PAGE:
The definitive textbook on resistant starch is available at Amazon.com:
Resistant Starch: Sources, Applications and Health Benefits
Detoxifying and Additional Benefits of Resistant Starch in Beans and Legumes
Not only will the resistant starch in beans and legumes help you shed inflammatory body fat, but it can improve your health in additional ways.
Diets rich in resistant starch help remove toxins from your body and improve heart health by binding to dietary cholesterol and removing it from your body, thus lowering serum (blood) cholesterol. And, because the resistant starch in beans is a prebiotic fiber that promotes “good” bacteria and suppresses “bad” bacteria, it can help normalize bowel function and support a healthy digestive system in general. Having more good-for-you bacteria in your digestive system will improve your immune function and make it easier for your body to fight disease and support a healthy immune system.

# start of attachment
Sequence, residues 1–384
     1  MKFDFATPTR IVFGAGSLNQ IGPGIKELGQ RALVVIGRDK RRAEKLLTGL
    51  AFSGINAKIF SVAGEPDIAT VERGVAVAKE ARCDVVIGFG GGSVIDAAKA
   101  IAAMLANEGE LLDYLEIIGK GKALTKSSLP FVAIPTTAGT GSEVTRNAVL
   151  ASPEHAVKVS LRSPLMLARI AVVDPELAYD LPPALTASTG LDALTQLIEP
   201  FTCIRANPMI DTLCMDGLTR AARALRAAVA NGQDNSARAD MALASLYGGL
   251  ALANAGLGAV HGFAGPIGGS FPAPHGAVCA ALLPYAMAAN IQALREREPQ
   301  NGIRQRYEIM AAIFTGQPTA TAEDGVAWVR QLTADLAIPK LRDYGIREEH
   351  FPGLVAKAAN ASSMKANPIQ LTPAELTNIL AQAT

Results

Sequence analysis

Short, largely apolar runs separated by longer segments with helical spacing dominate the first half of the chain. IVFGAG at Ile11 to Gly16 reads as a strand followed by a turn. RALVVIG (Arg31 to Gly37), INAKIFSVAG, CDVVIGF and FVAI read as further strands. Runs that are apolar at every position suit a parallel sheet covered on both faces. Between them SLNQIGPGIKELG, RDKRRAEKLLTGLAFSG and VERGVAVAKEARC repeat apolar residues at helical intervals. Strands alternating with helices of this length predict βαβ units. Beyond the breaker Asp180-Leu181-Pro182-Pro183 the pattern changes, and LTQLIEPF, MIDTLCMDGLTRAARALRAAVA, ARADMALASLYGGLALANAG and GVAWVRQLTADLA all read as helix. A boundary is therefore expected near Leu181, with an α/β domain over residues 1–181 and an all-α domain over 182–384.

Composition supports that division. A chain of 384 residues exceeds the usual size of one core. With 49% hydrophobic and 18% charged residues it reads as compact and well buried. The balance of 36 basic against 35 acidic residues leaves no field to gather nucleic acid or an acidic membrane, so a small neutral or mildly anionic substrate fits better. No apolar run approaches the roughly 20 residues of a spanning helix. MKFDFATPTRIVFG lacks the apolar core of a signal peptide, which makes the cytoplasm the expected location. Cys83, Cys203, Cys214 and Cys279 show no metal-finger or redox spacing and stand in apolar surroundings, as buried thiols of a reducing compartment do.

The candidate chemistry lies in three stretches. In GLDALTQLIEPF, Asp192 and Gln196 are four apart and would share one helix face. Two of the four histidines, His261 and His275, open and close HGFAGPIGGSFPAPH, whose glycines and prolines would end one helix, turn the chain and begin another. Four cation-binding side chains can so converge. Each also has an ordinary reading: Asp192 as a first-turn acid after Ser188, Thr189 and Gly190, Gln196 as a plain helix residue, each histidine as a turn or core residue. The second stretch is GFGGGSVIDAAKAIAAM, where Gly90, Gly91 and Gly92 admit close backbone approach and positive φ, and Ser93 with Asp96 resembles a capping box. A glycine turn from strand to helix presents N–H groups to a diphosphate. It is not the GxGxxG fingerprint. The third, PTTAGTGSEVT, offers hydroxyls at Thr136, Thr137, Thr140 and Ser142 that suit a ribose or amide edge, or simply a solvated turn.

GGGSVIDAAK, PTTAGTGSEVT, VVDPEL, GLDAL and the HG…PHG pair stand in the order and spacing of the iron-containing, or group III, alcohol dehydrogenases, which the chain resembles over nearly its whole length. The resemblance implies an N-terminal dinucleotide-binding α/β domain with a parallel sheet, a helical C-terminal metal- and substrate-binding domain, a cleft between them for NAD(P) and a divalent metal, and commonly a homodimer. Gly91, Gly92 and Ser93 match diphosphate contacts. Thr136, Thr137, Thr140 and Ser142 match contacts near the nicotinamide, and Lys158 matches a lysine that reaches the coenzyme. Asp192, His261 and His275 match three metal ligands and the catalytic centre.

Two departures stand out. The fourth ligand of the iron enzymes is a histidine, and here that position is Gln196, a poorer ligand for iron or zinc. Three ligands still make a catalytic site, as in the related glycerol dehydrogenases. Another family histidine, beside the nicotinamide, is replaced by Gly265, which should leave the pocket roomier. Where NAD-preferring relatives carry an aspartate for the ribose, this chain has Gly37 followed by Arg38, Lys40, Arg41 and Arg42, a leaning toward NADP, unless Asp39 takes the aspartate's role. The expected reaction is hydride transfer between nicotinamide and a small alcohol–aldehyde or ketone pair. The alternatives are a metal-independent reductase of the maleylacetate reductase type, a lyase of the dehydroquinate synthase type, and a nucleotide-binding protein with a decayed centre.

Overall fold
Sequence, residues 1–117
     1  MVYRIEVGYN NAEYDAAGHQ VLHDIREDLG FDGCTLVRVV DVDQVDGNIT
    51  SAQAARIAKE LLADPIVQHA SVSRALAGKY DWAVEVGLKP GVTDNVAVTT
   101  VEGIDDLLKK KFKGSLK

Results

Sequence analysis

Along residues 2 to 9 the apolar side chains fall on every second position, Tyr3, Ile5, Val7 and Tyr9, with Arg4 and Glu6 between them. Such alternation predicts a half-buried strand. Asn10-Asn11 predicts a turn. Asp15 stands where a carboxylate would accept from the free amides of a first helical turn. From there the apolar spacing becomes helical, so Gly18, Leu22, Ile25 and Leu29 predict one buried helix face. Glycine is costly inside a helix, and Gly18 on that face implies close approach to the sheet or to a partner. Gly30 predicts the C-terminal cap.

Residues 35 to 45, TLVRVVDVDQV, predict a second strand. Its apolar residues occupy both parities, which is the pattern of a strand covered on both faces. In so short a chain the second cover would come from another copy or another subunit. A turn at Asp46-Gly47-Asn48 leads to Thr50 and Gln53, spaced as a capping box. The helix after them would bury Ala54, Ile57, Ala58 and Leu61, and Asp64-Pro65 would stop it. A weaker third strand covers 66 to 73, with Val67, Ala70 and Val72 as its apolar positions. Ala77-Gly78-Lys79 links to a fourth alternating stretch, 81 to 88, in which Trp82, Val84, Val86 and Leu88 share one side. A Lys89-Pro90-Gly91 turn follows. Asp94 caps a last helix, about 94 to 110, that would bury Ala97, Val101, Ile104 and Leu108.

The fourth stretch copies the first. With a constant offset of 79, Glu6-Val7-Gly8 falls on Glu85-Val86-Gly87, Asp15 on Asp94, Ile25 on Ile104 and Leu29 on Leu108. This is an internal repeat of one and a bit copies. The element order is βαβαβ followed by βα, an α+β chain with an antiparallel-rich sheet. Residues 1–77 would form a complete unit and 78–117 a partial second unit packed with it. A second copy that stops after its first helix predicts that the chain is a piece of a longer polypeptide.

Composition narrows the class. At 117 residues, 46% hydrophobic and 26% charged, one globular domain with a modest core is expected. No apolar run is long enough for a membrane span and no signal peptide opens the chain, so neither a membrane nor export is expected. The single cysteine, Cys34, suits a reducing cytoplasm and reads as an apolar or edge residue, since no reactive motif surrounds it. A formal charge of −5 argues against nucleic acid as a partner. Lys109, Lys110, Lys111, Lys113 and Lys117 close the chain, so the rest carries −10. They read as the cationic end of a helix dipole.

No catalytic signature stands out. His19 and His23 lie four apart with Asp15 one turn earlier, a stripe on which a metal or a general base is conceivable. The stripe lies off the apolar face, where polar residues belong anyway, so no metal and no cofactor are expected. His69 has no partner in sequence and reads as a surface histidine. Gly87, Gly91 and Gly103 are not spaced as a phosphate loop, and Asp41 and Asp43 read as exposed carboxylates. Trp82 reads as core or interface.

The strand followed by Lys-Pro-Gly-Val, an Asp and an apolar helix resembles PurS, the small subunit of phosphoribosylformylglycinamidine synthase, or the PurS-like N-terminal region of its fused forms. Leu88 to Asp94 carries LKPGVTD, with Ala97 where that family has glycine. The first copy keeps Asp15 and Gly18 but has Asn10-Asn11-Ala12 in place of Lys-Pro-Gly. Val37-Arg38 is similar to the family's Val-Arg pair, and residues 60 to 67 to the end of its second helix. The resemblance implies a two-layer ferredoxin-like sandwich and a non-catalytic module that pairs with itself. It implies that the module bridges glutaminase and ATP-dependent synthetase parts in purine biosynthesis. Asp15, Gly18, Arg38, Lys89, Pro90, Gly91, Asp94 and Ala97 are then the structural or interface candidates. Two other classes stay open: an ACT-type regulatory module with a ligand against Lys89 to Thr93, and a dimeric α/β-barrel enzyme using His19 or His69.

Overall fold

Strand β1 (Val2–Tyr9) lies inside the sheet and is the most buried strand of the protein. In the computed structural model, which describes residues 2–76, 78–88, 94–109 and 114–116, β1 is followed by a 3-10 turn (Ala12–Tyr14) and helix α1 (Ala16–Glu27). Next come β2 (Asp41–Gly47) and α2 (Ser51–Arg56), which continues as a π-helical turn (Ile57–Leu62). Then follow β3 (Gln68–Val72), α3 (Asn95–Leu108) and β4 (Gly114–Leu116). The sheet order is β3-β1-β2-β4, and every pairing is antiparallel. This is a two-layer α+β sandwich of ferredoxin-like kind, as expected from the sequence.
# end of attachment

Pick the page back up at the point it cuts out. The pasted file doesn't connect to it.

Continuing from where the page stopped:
Which Beans and Legumes are Best?
Like all plant foods, each bean and legume has its own unique nutritional, antioxidant and phytonutrient profile. So don’t play favorites! All you need to know is that ALL beans and ALL legumes are healthy.
How Many Beans and Legumes Should You Eat?
As part of a “Clean Cuisine” anti-inflammatory diet you should aim to eat at least one serving of “superfood” beans and legumes each day. And that’s not just my recommendation either. Did you know the 2005 Dietary Guidelines for Americans developed by the US Department of Health and Human Services (USDHHS) and the U.S. Department of Agriculture (USDA) recommends 3 cups of legumes per week?
Danger of Beans and Legumes?